This is in accord with the United Nations ‘Treaty on Principles Governing the Activities of States in the Exploration and Use of Outer Space’, otherwise known as the Outer Space Treaty of 1967, which, among other things “establishes basic principles related to the peaceful use of outer space. This includes that the exploration and use of outer space shall be carried out for the benefit and in the interests of all countries…”
It is the wish of the world – or most of the world – that space should be forever free of weapons. The Treaty lays down that “States Parties to the Treaty undertake not to place in orbit around the earth any objects carrying nuclear weapons or any other kinds of weapons of mass destruction, install such weapons on celestial bodies, or station such weapons in outer space in any other manner.”
But although the United States signed and ratified the Space Treaty in 1967, it strongly objected to later attempts to refine it. In February 2008 the New York Times reported that “The Russian foreign minister, Sergey V Lavrov, presented a Russian-Chinese draft treaty banning weapons in space to the United Nations Conference on Disarmament, an idea that was quickly rejected by the United States.”
It is a difficult to imagine why there could be any objection to a treaty aimed at “prevention of the placement of weapons in outer space,” but the White House responded that it opposes any treaty that seeks “to prohibit or limit access to or use of space.” Indeed the White House said that such a treaty would be impossible to enforce because “any object orbiting or transiting through space can be a weapon if that object is intentionally placed onto a collision course with another space object. This makes treaty verification impossible.” The US continues to be resistant to any treaty forbidding deployment of weapons in space.
It was therefore unsurprising when Trump put forward his plan for militarising space in March last year, and in August tweeted “Space Force All the Way!” Then he declared on February 19 that “we’re investing in new space capabilities to project military power and safeguard our nation’s interests, especially when it comes to safety and defense” and signed a directive ordering the Pentagon to create a Space Force as the sixth branch of the military.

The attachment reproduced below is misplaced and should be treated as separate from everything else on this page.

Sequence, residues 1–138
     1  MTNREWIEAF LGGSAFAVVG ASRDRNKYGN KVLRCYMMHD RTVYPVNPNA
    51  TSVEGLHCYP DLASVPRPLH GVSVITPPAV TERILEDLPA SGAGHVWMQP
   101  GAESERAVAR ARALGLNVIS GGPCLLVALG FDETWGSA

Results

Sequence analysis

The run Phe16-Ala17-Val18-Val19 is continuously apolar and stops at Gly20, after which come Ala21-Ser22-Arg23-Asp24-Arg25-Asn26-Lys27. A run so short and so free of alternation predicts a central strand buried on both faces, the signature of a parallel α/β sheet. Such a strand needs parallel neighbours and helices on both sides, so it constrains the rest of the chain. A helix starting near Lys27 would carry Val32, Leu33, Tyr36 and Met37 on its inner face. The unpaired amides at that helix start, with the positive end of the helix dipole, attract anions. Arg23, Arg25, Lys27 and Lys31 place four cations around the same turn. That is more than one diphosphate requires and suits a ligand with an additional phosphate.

The result of his brainwave is that the US is going to “project military power” in space, which is directly contrary to “the basic principles related to the peaceful use of outer space” noted in the Outer Space Treaty.
The US refuses to move onwards from the original treaty, and on March 20 Newsweek summed up Washington’s policy by noting that “the United States has blamed Russia and China for militarizing space, while refusing to sign their joint proposal against placing weapons there.”
On February 19, while preparations were in full swing for launch of the joint Russia-US mission to the International Space Station three weeks later, the White House announced that “President Donald J Trump’s Space Policy Directive-4 is a bold, strategic step toward guaranteeing American space dominance” by establishing the United States Space Force which among other tasks will “organize, train and equip our space warfighters with next-generation capabilities.”
In the words of the US Administration, “space is now a warfighting domain just like the air, land and sea” so it’s goodbye to a future of harmonious exploration and scientific research in the regions beyond our globe. It had been hoped that the Treaty would go far to assist in “maintaining international peace and security and promoting international co-operation and understanding” but Washington has no intention of agreeing to any international law that would prohibit extra-terrestrial weaponisation, and Trump’s Space Directive has now set the seal on Washington’s preparedness to confront in space as well as by land and sea and in the air. Stand by for Space War.